And Exile also sets us up for book two’s events, in which Aron’s quest will culminate, while bringing to a close certain threads begun in the first book. The book has (and maintains) great pace, is peppered with witty dialogue and serious moments, has an important love story, and features great combat, as well as what reads as well-researched knowledge of the kinds of pre-industrial technology present in Aron’s world.

Exile is old school and enjoyable – it doesn’t reinvent anything, but also doesn’t need to. πŸ™‚


Nandor, the sequel to Exile -and the book which brings and end to Aron’s tale- picks up nineΒ months after Exile’s end; Aron returns to the family he met in Exile when he receives dire news, and decides to lead a rescue mission, which takes him and the people with him into the kind of dangerous territory only hinted at in the first book. the excellent pacing which made Exile tick along is carried through into Nandor, and the characters are really put through their paces, as they find themselves caught up in a war very few people know about. This war, which is also being fought with terrifying magic, forces Aron to make some truly difficult decisions, and no-one escapes unscathed. I was sad when I ended the book, as that meant that Aron’s adventures were done and that we wouldn’t get to explore more of the world Martin created, but you all know what they say about ‘all good things’, right?


The books are available in a variety of formats:

Kindle (ExileNandor)

and Hardcover (Exile) (as well as signed editions from Tickety Boo Press)

And do check out Martin’s site for more of his work and an exclusive short story featuring Aron.

Until next time,


Review: Dinosaur Valley – The Archaeologists (Book 1) by K.H. Koehler

Hey everyone. πŸ™‚

From time to time I’ll be posting reviews of books I really enjoyed, in the hope that you’ll also check the books out, and this is the first of those reviews.

Long before Jurassic Park was released (both the book and the movie), my parents bought a bi-weekly magazine called ‘Dinosaurs’, which explored the different species, environments, geological history and much, much more of the time of the dinosaurs – plus I got to build a glow in the dark T-rex skeleton; the parts came with the magazine. πŸ™‚ This was when I was in primary school, and it’s what began my fascination with dinosaurs. When Jurassic Park was published, I basically lost my shit. I read the novel three times before watching the movie, and I think I watched the movie -in the theatres- close to six or seven times. I think that JP is the only movie I’ve watched more than any of the Star Wars movies – it completely blew my mind wide open.

So, any novel including dinosaurs needs big boots to fill the footsteps of JP, and while I don’t think anything like JP will happen again (even the sequel, The Lost World, was brilliant, but couldn’t really match up, in my opinion), I do expect writers to know their stuff and to be respectful (or at least cognizant) of dinosaurs and the vast body of knowledge which is constantly being added to.

Dinosaur Valley isn’t JP, but also doesn’t pretend to be, and that’s one of the reasons this novel was so cool. πŸ™‚

It is, above all, an adventure tale, but what it also does is play with certain tropes and upend or change those tropes in entertaining ways. For example, there’s no damsels in distress – there is a gentleman in distress; and though the book is set in what could be considered theΒ Wild West, there’s none of the stereotypical tobacco-spitting, word-drawling, answers-everything-with-a-quickdraw-standoff Cowboy / Sheriff / Desperado amalgamation (even though there is such a character; just not stereotypically so).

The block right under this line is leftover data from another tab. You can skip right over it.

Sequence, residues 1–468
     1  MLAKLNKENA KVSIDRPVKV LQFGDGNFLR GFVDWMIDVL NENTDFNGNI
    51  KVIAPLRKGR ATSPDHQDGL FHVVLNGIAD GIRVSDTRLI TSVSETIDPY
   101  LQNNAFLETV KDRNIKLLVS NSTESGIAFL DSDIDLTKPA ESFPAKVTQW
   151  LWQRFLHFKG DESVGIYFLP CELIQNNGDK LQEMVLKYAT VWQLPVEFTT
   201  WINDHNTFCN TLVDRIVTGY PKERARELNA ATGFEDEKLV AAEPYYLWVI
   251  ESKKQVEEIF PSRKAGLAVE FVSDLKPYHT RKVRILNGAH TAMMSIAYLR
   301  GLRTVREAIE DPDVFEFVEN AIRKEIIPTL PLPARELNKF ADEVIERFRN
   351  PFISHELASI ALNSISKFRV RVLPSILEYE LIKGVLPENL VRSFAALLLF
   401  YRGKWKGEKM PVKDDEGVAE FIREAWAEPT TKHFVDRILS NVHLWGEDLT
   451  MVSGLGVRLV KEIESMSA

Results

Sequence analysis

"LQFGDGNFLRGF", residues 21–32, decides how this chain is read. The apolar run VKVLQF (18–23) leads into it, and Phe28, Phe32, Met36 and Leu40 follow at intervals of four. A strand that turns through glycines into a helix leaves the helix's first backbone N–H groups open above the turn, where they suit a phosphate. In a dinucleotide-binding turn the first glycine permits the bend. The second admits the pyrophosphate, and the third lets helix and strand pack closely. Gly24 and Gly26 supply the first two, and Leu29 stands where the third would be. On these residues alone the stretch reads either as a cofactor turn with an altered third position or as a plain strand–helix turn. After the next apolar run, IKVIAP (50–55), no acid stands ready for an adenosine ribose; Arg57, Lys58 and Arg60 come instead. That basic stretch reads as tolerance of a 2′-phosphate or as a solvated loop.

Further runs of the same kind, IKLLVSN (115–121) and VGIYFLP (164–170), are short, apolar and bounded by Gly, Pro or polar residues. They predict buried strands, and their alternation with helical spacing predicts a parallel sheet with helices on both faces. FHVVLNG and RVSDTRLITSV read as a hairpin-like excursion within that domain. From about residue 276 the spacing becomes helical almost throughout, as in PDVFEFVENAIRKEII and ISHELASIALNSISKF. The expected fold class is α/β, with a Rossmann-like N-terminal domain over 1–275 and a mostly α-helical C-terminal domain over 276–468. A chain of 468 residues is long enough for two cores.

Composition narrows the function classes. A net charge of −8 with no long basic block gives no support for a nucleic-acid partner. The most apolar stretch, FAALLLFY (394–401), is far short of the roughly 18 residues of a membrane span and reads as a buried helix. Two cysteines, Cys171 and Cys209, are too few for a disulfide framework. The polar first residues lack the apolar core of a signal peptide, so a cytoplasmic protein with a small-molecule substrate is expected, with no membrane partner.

Being an adventure tale, it’s fast-paced and fun, with excellent and thrilling set pieces (from characters being stalked and chased by various dinosaurs, to gun fights), peopled with memorable characters keeping the interesting plot ticking along, and if you like a strong, independent female lead, who doesn’t wait for a man to save her, then you’re going to love Anna Rutherford. πŸ™‚

This book launches the series, The Archaeologists, and I’m definitely looking forward to the next book!


You can order your copies on Amazon, and check out Severed Press’ site for more cool titles.

Until next time,


My Favourite Books of 2016 – Part Two

Hey everyone, πŸ™‚ I’m back with my second ‘Favourites of 2016’ post, and in this post I’ll be telling you about books from Alex Marshall, John Burnham Schwartz, Justin Cronin, Christopher Golden and Suzanne Van Rooyen.

A Crown for Cold Silver by Alex Marshall

This novel, which kicks off what promises to be a rollicking, ass-kicking trilogy, follows a mayor’s wife on her quest for revenge – obviously, she’s much more than initially revealed. πŸ™‚ The novel is by turns incredibly funny, brutal, thoughtful and inventive, with excellent world building and stand-out characters; multiple points of view allow the reader to gain a wide-screen (if I can use that description, which I’ve just done…) understanding of the various conflicts and story lines, while also giving us the gritty, ugly, beautiful detail we Fantasy readers crave. There’s plenty of inventive and interesting magic, battles and skirmishes (skillfully written, brutal and entertaining), and intrigue a-plenty. One also gets the sense that the world Alex has created is absolutely filled with stories we only glimpse, which also serves to make the world live and flex and breathe more deeply. Undeniably, though, the characters of this novel are the stars – Villains without being the quintessential bad guys. πŸ™‚ Highly recommended!